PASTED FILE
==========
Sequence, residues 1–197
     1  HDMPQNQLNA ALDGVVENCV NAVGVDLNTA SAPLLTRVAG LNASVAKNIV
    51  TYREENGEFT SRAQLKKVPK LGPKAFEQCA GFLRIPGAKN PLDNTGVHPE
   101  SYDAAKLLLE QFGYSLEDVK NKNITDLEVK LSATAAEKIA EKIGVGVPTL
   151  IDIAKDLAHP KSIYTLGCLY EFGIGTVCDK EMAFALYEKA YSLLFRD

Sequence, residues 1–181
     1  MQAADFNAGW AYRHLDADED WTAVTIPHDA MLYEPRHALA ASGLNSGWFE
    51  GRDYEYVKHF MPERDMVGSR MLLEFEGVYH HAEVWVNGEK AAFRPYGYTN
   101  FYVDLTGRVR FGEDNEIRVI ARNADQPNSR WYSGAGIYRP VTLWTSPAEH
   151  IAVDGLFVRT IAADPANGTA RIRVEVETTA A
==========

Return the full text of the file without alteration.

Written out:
Sequence, residues 1–197
     1  HDMPQNQLNA ALDGVVENCV NAVGVDLNTA SAPLLTRVAG LNASVAKNIV
    51  TYREENGEFT SRAQLKKVPK LGPKAFEQCA GFLRIPGAKN PLDNTGVHPE
   101  SYDAAKLLLE QFGYSLEDVK NKNITDLEVK LSATAAEKIA EKIGVGVPTL
   151  IDIAKDLAHP KSIYTLGCLY EFGIGTVCDK EMAFALYEKA YSLLFRD

Sequence, residues 1–181
     1  MQAADFNAGW AYRHLDADED WTAVTIPHDA MLYEPRHALA ASGLNSGWFE
    51  GRDYEYVKHF MPERDMVGSR MLLEFEGVYH HAEVWVNGEK AAFRPYGYTN
   101  FYVDLTGRVR FGEDNEIRVI ARNADQPNSR WYSGAGIYRP VTLWTSPAEH
   151  IAVDGLFVRT IAADPANGTA RIRVEVETTA A